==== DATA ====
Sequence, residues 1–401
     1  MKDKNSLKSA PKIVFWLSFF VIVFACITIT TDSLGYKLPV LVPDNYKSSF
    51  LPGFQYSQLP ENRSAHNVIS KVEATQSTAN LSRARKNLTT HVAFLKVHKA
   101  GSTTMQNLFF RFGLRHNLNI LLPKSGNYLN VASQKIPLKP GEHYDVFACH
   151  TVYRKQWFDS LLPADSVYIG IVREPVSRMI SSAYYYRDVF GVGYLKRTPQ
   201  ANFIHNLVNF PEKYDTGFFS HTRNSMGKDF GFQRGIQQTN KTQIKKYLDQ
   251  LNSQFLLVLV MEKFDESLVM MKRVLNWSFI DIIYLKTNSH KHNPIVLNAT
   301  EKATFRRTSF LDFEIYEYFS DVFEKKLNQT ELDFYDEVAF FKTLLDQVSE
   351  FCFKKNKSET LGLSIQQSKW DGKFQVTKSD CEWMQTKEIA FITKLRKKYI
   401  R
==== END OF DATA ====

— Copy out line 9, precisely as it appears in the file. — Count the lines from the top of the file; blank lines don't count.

   351  FCFKKNKSET LGLSIQQSKW DGKFQVTKSD CEWMQTKEIA FITKLRKKYI